Russian politicians are holding the nation's orphans hostage, to pressure the United States into easing sanctions on human rights abusers. This may not be the worst thing ever done in the realm of international relations, but it certainly merits global scorn and staunch opposition.
A new law passed by Russia's parliament bans American adoption of Russian children. The legislation is retaliation for a new U.S. law imposing travel and financial restrictions on human rights abusers in Russia. The adoption ban may not directly affect Russian politicians, but it will have devastating consequences for thousands of desperately needy Russian children and countless U.S. families seeking to give them a home.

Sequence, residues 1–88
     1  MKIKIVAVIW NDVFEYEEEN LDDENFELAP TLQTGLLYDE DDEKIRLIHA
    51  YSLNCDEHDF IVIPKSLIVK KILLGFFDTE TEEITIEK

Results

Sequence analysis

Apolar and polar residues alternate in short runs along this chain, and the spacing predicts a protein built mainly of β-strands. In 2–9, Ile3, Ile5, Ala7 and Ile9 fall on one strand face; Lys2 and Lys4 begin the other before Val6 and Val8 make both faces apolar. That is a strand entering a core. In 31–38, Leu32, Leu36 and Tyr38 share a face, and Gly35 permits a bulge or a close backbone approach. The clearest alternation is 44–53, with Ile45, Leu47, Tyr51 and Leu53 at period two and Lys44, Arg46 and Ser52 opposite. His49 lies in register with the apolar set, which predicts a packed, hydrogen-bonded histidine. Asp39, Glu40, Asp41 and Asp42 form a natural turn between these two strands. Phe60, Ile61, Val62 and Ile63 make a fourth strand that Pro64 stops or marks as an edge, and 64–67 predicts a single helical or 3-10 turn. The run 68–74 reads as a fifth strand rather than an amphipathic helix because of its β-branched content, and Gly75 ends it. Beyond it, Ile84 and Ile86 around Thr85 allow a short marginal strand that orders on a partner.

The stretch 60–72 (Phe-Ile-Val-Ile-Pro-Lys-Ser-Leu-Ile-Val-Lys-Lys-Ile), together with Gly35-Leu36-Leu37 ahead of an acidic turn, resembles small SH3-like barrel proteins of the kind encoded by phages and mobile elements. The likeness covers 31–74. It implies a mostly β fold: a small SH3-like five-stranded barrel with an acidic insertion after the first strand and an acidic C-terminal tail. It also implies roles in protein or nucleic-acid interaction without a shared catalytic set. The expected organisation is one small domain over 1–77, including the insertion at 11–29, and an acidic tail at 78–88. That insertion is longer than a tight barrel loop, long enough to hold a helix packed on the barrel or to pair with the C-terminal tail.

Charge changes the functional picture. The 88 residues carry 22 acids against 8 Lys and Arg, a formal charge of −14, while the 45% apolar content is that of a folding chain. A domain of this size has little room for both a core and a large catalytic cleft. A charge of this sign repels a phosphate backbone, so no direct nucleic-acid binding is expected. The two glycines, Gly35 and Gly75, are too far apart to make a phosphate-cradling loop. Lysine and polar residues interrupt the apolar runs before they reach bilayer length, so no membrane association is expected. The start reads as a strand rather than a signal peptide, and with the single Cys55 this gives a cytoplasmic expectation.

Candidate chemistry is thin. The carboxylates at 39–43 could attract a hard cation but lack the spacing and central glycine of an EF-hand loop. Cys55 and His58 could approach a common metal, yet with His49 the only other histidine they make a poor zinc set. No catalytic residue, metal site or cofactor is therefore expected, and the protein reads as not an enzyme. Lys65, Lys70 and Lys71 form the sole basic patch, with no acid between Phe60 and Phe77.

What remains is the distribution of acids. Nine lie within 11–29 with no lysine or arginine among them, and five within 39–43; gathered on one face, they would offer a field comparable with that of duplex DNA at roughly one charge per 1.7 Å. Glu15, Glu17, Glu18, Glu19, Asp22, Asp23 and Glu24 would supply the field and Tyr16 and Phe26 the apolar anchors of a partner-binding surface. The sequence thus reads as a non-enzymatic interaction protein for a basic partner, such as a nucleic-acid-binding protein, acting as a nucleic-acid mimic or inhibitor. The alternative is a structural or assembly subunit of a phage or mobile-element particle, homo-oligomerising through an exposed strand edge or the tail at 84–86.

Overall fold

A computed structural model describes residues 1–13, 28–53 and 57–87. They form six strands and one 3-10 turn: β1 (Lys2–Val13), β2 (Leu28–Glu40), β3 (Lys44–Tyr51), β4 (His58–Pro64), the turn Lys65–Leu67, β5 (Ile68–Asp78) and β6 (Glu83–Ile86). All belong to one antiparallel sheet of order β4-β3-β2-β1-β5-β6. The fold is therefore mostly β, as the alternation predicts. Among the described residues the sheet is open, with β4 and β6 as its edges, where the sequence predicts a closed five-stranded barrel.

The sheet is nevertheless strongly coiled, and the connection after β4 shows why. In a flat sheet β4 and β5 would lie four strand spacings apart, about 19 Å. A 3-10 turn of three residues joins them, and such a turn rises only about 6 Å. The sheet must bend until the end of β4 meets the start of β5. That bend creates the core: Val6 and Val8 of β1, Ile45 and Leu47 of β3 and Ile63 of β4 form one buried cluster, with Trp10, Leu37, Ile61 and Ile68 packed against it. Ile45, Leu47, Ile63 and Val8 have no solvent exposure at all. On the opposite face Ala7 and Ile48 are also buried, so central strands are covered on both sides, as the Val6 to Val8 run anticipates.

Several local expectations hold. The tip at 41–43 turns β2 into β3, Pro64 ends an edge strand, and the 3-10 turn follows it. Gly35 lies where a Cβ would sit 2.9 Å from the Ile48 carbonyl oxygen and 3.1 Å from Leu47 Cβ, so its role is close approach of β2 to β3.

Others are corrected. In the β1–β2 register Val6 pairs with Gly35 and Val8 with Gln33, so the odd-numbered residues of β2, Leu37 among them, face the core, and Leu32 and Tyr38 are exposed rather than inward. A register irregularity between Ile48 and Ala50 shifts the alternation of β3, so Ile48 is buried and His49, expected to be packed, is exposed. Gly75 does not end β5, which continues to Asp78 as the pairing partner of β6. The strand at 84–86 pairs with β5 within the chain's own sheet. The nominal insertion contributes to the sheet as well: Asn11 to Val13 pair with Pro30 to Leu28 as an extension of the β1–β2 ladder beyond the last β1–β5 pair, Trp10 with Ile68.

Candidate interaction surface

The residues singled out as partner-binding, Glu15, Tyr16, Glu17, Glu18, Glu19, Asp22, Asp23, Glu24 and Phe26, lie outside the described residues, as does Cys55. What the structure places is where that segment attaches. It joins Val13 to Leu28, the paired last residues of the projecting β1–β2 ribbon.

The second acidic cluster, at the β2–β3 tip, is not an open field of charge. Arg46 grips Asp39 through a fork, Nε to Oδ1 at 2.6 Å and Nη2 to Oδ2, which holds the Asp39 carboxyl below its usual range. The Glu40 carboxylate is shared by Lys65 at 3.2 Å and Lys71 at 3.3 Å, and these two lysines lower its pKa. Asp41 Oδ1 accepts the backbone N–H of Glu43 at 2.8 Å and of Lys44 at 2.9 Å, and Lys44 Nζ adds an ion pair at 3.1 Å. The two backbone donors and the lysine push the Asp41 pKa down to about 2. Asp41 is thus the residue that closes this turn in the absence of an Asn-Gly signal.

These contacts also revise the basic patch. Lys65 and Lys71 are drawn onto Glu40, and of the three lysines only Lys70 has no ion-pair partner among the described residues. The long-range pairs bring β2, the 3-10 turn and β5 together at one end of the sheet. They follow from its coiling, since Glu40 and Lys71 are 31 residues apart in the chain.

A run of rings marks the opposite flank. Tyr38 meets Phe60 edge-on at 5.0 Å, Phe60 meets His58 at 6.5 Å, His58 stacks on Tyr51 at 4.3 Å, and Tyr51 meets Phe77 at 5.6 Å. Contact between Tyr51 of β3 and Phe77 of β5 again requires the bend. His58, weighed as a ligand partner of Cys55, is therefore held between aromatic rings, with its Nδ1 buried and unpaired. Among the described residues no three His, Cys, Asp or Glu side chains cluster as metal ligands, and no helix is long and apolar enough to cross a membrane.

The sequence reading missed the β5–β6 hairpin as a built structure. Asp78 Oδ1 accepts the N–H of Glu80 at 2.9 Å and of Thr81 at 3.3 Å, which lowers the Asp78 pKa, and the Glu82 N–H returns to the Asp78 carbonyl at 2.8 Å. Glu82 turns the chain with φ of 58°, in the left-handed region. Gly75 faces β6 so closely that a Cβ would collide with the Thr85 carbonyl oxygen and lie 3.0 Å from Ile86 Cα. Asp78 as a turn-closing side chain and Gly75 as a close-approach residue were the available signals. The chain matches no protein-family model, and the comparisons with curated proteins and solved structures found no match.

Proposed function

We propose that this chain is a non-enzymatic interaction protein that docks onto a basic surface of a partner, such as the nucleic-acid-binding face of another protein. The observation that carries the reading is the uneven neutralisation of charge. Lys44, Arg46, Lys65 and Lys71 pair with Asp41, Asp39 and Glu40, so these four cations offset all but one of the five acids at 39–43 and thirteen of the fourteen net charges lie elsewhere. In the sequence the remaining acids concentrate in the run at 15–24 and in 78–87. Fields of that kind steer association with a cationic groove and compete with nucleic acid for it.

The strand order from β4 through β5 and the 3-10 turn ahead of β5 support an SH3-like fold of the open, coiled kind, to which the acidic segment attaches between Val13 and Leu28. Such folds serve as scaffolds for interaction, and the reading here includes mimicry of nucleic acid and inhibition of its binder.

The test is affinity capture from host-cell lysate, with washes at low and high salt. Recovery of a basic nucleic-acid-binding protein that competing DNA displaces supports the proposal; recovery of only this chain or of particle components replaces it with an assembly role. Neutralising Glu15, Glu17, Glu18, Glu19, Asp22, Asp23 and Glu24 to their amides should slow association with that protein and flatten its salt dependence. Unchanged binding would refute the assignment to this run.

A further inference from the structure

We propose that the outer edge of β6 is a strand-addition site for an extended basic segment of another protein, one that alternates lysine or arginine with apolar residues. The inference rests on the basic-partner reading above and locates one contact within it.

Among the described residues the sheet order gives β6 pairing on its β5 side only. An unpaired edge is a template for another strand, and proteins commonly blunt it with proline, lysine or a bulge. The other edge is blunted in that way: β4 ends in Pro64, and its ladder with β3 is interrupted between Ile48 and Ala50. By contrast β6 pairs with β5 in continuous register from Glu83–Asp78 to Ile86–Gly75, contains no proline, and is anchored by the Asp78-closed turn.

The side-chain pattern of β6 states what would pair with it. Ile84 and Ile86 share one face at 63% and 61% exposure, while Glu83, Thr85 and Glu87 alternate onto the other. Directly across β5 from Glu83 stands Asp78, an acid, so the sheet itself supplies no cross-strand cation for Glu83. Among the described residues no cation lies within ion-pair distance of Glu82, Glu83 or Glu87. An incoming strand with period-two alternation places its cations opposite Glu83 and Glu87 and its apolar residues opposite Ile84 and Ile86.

According to the U.S. Department of State, 962 Russian children were adopted by U.S. parents in 2011 out of 9,319 total inter-country adoptions. Only Ethiopia and China ranked higher. Nearly 83 percent of those Russian adoptees were younger than 5; nearly 67 percent were 2 years old or younger.
In 2011, there were 92 inter-country adoptions in Oklahoma; from 1999 to 2011, Oklahomans adopted 1,651 children from other countries. It's not easy to learn how many were Russian orphans, but it's certain the ban will be felt locally. ABC News recently interviewed Oklahoma natives Patrick and Jan Griffin, a couple already several months into the adoption process when the Russian legislation advanced.
More than 70,000 Russian children have been adopted by Americans during the past 20 years. Currently, 120,000 Russian orphans are awaiting adoption, and only 18,470 Russian families signed up as potential adoptive parents.
As they say, geopolitics ain't beanbag. Still, for a country's leaders to prioritize human-rights abusers over the welfare of local children demonstrates an abysmal lack of compassion and starkly illustrates why international adoption is a far better fate for many Russian children than life in their homeland.